Some cheek! Illegal Rohingyas are protesting at detention in Jammu!
Something unique and peculiar is happening in Jammu right now as Rohingyas staying here illegally are protesting against detention of others from the same community who have no valid documents!
Over 150 Rohingyas were detained here a couple of days ago and shifted to Hiranagar sub jail which is now an official "holding centre" for these illegal migrants. In the next few days, more such centres are likely to be set up in Samba and Kathua districts.
In all, over 6,000 Rohingyas had moved to Jammu from Rakhine state of Myanmar and their presence here has caused some social tensions. If these Rohingyas were evenly distributed in Jammu as also Kashmir, perhaps things would have been less polarising communally. All these illegal Muslim migrants were settled in parts of Jammu, mainly outskirts of the city, from 2002 to 2014, during the PDP-Congress and NC-Congress coalition government era.
Incidentally, some Kashmiri NGOs work for their relief and rehabilitation here in Jammu. That makes it unique in that several people opposed to their presence here point out that the very same NGOs can take them away to Kashmir and save substantially on administrative expenses. Groups like Panthers Party and Ikjutt Jammu allege that they were settled here as part of conspiracy to change demographics.
It was a successful and silent policy followed by the PDP, Congress and the NC to settle Rohingyas in Jammu and provide them facilities. This was a red rag to the majority Hindu community here and seen as something being done deliberately to spite them. It also signified abject political disempowerment of the Hindus in J&K.
After the ascension to power of the BJP government at the Centre in May 2014, many Rohingyas started feeling the heat. The coming together of PDP and BJP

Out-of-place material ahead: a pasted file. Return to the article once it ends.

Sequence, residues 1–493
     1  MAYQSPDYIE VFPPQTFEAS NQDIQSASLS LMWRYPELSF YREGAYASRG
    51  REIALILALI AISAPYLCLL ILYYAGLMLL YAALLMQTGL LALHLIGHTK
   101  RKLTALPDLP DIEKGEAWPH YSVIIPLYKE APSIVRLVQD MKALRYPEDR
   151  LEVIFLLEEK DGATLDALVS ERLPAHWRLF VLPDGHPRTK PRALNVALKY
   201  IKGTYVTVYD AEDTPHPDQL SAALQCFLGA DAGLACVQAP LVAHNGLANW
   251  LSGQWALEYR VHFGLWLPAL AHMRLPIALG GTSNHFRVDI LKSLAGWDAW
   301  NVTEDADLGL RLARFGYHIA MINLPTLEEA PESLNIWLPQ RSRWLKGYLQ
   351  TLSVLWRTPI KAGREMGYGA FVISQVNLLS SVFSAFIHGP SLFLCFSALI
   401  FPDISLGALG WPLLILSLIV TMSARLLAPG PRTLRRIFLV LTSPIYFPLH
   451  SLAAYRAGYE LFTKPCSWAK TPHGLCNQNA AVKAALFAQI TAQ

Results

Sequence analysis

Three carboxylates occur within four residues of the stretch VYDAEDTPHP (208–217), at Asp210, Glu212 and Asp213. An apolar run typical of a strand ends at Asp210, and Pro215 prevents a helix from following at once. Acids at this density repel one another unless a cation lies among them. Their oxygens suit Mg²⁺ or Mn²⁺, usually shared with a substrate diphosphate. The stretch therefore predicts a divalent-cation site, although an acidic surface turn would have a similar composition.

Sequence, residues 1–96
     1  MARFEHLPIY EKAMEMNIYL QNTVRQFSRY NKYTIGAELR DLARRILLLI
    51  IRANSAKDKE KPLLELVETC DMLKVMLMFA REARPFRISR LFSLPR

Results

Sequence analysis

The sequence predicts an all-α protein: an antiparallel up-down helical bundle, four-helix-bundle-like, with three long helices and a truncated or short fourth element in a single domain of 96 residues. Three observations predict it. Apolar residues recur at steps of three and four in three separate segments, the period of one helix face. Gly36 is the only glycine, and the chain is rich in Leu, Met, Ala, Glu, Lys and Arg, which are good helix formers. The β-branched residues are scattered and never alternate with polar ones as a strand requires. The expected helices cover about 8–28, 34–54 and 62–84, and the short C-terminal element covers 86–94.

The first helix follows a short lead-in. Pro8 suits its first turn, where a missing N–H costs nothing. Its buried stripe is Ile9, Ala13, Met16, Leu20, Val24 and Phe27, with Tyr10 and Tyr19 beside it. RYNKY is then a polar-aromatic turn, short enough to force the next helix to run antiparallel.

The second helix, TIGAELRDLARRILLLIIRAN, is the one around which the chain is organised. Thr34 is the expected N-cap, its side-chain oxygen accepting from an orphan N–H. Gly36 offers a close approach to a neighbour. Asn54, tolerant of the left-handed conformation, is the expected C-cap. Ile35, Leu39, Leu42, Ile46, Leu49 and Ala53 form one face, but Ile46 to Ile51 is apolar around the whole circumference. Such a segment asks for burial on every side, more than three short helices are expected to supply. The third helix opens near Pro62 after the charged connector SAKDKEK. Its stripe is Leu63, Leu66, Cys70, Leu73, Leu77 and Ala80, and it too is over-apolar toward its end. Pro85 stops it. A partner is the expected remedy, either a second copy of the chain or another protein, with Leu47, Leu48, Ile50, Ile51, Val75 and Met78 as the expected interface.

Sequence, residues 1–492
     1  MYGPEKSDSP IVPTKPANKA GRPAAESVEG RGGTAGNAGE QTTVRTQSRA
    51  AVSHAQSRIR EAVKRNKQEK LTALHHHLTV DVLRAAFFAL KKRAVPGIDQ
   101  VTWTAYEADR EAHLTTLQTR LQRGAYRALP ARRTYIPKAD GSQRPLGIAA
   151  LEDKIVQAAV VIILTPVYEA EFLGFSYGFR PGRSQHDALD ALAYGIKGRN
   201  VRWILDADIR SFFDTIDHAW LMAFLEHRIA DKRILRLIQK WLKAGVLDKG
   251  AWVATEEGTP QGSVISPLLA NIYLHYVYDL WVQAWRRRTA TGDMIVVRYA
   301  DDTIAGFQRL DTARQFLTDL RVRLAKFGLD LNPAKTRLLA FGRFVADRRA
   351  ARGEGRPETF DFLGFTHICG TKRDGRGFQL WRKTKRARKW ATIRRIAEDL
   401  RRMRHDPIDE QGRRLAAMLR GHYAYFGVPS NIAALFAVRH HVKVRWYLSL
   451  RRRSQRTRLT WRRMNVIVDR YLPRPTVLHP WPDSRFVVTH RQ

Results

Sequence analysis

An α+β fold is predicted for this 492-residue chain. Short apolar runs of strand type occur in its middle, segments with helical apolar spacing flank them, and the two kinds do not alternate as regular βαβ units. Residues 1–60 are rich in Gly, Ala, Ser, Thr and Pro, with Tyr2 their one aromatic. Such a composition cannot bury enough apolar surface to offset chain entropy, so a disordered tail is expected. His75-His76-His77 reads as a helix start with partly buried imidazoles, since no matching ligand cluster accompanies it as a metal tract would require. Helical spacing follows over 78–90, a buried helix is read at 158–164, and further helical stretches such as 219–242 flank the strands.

locally in J&K, however, disenchanted the people from the latter. Breaking of the PDP-BJP alliance in June 2018 and the dissolution of Article 35-A in August 2019 have served to queer the pitch for the Rohingyas in Jammu. Nothing much has happened on ground so far but it seems some action may start in right earnest against them.
On Sunday, an interesting way of protest was found by Rohingyas and those supporting them here. A few dozen Rohingyas gathered a few of their belongings and said they were starting a march to Myanmar! After walking a kilometre or so, they turned back to reach their shanties in Narwal and Bhatindi area. It seemed so ridiculous that the claim of march to Myanmar was floated. Has even one Rohingya family marched from Myanmar to Jammu? Absolutely not. They travelled by trains, trucks, buses and other means of transport. Helped in reaching Jammu by successive governments which were willing to provide them an ecosystem to thrive here.
These bleedheart governments have never ever extended a helping hand to any Indians in distress. Be it the thousands of victims of Kedarnath tragedy in Uttarakhand in 2013 or victims of Kerala floods. Of course, these governments readily bent over backwards to accommodate foreigner Rohingyas.
After jettisoning the baggage of ties with the PDP in June 2018, the local unit of the BJP has become more vocal about opposing the presence of Rohingyas in Jammu. With Ikjutt Jammu emerging as a voice for politically disempowered Hindus in Jammu, Rohingyas are unlikely to have it easy as they had it in the past though.
A serious problem being faced by the official machinery here is that hundreds of Rohingyas, enumerated earlier, have vanished over the years. Many have merged in local population and even got ID cards like Aadhar card, ration card etc made fraudulently. Will the BJP show guts, and also political acumen, to take up the issue with Myanmar officially and resolve it? That may be a question worth millions of votes!
Sant Kumar Sharma, a seasoned journalist, is an authority on Jammu and Kashmir. Two of his books on Article 370 and Delimitation are already out. The third one on Indus Waters Treaty is now out and could be bought here.
Sant began as a teacher but after six years, joined the Indian Express, Chandigarh in 1990, the year when terrorism was taking its first step in J & K and soon there would be exodus of lakhs of Kashmiri Pandits from the Valley. He subsequently worked for The Statesman, The Times of India and Star News among others. He is based in Jammu since May 2000.
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